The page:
In my circle of friends with babies it’s generally the dad’s job to get the baby to sleep at night. The first month or so was reasonably easy. We watched Harvey Karp’s video the happiest kid on the block. I won’t go into detail because that’s his thing not my thing. If you’re about to have a baby you should watch it. He has great advice for getting a baby to sleep. We found though that it only lasted for about two months then the techniques stopped working. Maybe you’ll be lucky and it’ll last longer.
With our techniques outdated what were we to do? Mum, the baby’s not my mum, had no trouble getting her to sleep. Onto the breast and the baby was asleep in no time. There were a couple of flaws with this technique though. First, mum was the only one that could get her to sleep. Baby didn’t want anything to do with me when it came to bed time. Second, mum couldn’t do anything after she’d put baby to bed. Third, it was making baby very reliant on breast milk as a means of sleeping and would have trouble if she couldn’t have any. It wasn’t ideal.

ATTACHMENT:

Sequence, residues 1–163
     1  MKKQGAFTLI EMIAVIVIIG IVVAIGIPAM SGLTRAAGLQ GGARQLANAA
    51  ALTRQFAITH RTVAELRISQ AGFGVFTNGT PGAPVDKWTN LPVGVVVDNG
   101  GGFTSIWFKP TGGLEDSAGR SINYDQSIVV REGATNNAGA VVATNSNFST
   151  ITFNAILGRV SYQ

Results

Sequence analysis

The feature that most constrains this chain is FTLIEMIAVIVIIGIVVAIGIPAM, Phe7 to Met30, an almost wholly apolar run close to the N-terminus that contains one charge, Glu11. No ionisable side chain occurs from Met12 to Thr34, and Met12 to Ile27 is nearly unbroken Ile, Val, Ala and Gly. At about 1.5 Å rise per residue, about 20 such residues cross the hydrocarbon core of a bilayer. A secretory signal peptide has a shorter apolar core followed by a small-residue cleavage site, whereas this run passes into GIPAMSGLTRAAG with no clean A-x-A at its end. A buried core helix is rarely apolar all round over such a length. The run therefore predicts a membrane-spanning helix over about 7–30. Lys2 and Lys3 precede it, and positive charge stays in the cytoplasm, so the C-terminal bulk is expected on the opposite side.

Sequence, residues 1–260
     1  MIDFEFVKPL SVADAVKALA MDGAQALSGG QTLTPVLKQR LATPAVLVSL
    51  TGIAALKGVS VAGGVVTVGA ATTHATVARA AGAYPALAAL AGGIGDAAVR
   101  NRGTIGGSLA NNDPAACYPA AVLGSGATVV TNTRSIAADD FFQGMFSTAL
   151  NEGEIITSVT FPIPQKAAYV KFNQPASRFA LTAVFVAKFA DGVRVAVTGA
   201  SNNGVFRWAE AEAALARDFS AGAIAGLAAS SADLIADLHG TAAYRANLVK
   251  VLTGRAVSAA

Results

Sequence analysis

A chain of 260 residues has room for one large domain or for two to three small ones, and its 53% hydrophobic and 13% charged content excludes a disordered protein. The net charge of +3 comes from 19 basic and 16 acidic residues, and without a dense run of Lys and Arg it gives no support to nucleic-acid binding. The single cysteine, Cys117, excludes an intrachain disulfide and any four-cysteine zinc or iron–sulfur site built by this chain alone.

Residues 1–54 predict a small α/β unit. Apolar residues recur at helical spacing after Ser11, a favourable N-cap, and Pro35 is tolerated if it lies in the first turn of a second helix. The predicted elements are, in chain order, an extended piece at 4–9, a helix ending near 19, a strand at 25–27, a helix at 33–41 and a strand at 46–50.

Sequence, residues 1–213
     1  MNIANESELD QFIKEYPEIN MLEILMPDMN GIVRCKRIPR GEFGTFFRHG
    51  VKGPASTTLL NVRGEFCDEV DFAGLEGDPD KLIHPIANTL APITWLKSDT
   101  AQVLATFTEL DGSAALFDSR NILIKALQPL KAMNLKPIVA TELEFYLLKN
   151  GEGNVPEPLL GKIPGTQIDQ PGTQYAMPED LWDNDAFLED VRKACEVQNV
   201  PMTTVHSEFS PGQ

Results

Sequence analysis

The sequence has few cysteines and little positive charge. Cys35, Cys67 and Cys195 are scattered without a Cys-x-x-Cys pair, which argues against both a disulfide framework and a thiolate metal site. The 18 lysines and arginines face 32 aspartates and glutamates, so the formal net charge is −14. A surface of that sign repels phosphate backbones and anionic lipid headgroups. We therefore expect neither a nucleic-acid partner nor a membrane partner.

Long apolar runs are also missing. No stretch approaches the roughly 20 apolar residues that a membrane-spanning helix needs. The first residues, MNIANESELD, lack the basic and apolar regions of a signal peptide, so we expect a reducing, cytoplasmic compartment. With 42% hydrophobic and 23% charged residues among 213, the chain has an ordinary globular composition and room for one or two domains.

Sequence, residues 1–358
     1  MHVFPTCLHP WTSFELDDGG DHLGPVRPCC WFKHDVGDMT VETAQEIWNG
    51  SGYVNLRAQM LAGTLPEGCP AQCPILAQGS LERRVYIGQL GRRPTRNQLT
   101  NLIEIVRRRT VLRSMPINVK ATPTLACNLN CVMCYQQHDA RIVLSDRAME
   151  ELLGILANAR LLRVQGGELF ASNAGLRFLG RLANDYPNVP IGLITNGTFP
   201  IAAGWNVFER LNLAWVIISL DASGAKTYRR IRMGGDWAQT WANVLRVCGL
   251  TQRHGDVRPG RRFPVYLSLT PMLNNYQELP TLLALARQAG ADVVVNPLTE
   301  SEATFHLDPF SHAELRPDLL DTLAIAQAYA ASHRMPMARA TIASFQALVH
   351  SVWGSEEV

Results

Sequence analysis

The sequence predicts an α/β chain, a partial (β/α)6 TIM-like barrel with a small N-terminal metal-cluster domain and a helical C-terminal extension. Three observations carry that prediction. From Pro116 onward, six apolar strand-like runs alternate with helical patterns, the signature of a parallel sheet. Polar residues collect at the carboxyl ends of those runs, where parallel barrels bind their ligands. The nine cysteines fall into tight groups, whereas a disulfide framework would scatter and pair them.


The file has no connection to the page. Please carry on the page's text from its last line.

After a semi frustrating month of trying things out I developed the voice. I found that while calming the baby off to sleep I had to be calm myself. I had to rise above the wails of my baby and reach an inner peace. Not easy when your baby is crying. The result; I would speak about the importance of sleeping and why humans needed to sleep in a calm and logic way. I could probably be talking about anything the key here is the slow constant rhythmic way of speaking. Once I got into the rhythm of it I would relax which in turn made my voice relaxed as well as slow, constant and rhythmic.
For any dads out there trying to get a baby to sleep I recommend developing your own calm voice. The key here is to never lose your cool in the face of a crying baby. Pat her or him and just talk away don’t worry about if the baby can hear your voice over the sound of his or her crying. Just keep it constant slow and calm and you should be right. Practice it on your friends. If they start getting sleepy then you’ve got the voice.
- Your Baby’s Snooze Time Routine (nappytimes.wordpress.com)
- Dr Harvey Karp’s ‘Happiest Baby’ technique: Calming method that stormed the U.S. comes to the UK (dailymail.co.uk)
- Happiest baby on the block (happiestbaby.com)